Salaried Worker Is Told To Take Breaks In His Car Because Using The Break Room 'Is Not A Good Look' For The Hourly Employees

Are only a select few employees entitled to use office break rooms?

Break room filled with employees. Fizkes /

In a post to the “Anti Work” Reddit forum, a salaried employee admitted he was told to take breaks from his car.

While the law office he works for does, in fact, have a break room, his manager told him he shouldn’t be using it, as hourly employees would get the wrong idea.

A salaried worker was told to take his breaks in his car instead of in the break room because it’s ‘not a good look’ for hourly employees.

“My manager told me to just go to my car to take breaks and that it’s ‘it’s not a good look’ because the breakroom is right by all the hourly employees’ desks and apparently one of their supervisors saw me in there a few times last week.”


Stressed worker sitting in break room. Panitanphoto /

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The man explained that there has never been any rule or regulation stating that the break room is purely for hourly employees. “Apparently, the fact that I’m salaried and don’t have to clock in and out and can use the break room at will was explained to this supervisor, but it’s still an issue for some reason,” he added.


Because hourly employees technically have to clock in and out for their breaks in the break room, his manager argued his presence would only “confuse” others — promoting a sense of entitlement towards his peers.

His manager said there was confusion over hourly employees 'clocking in and out’ to use the break room, while salaried employees don't — ‘I love being treated like a child.’

“I’m really in there maybe 3-4 times a day tops for a minute at a time to get water and coffee …This job pays as much as I’d make working at Home Depot, but looks better on a resume so I’m kinda stuck. I hate it here.”

Despite working at a law firm full-time and managing his work well, he said he “feels like a child” in his own workplace. Not only were they micromanaging and policing his work, but they were also trying to police his small moments away, taking breaks.

Instead of communicating with hourly employees and addressing their confusion — ensuring a break space for all employees — his managers instead took the easy way out: simply banishing salaried employees from the break room. 


“Ask them to put in writing that you have to take your breaks in the car. They won’t. Then ignore them,” one person commented. “It sounds like you're probably an adult. I'd suggest getting a job that treats you as such.”

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His manager’s micromanagement is an example of what disconnects leaders from their teams — ‘It’s demoralizing.’

While many employees online admit micromanagement in their offices tends to focus on tasks, the truth is many employee are being policed during personal breaks and time away, as well. Not only do studies show this kind of micromanagement to be harmful to productivity, but it often contributes to a larger, more toxic workplace environment.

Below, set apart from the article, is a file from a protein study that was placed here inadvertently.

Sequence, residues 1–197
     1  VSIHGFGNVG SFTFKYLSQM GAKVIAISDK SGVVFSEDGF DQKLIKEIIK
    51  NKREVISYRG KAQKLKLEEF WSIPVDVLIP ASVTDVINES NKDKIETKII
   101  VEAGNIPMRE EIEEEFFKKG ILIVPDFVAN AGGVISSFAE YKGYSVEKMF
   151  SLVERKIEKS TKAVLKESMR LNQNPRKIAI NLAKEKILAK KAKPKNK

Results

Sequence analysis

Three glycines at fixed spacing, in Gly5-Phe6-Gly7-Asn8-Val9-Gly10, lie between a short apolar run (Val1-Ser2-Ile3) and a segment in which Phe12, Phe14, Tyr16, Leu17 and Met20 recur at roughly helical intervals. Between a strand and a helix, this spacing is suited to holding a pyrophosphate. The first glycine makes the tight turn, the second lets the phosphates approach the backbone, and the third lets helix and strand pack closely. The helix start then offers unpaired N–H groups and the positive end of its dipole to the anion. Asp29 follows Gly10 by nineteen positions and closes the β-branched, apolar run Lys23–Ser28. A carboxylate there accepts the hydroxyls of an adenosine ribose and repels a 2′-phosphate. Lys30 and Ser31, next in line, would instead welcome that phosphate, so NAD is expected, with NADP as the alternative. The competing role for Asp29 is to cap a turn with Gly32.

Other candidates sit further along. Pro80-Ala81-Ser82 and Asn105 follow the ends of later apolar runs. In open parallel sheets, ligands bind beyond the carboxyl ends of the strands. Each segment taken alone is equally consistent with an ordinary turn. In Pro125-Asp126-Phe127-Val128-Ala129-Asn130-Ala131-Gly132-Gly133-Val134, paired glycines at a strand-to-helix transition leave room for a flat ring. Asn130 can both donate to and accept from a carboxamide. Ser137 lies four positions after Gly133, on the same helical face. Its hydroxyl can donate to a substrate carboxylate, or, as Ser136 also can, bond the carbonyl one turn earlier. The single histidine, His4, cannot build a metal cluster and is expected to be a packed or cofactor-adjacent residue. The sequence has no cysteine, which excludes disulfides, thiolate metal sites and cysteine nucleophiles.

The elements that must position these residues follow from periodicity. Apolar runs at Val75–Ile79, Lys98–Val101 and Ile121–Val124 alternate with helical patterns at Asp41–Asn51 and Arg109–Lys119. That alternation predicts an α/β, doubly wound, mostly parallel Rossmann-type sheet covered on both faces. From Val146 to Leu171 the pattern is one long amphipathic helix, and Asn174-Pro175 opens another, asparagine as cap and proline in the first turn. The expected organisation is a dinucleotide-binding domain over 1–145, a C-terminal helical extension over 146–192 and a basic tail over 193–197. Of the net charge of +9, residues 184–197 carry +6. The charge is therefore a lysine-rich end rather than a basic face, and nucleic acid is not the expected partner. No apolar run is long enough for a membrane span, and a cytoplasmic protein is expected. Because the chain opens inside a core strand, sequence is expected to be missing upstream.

@corporatedropout_mom Some signs you have a micromanager. This type of manager thrives on control for sure. They need to be in the who, what, when, where, how and why all the time. To their team it is stiffling and makes them question their ability to do their job. Sometimes this manager is like this because they are in fact a toxic person. Other times this control is how they feel grounded and they don’t even know how it looks (or feels) to their team. They also do this when they may not be well equipped to manage a team - default to micromanaging because they do not posess the management maturity to effectively help their team. Either way we can all agree that dealing with this type of manager is frustrating and can make or break your experience at a job. #corporatelife #managersbelike #micromanager #toxicmanager #toxicworkplace #workproblems #9to5life #officelife ♬ original sound - Corporate Dropout

Employees work better and remain happier in the workplace when they’re treated with respect — not demoralized or parented by micromanaging bosses. 


Not everyone uses their work to categorize their entire life — they should be afforded the luxury of breaks, personal time, and disconnect from the culture, even while taking breaks.

It’s a sentiment many commenters shared under the post.

Those micromanaging types really hate it when there is something outside their control nearby. They need the world to bend to their will at all times,” one person suggested. “Are you about to be up for a review or something? Seems like they are scraping the bottom of the barrel to come up with issues so they can tell you that you aren’t getting a raise …Clear toxic workplace signals.”


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Zayda Slabbekoorn is a News & Entertainment Writer at YourTango who focuses on health & wellness, social policy, and human interest stories.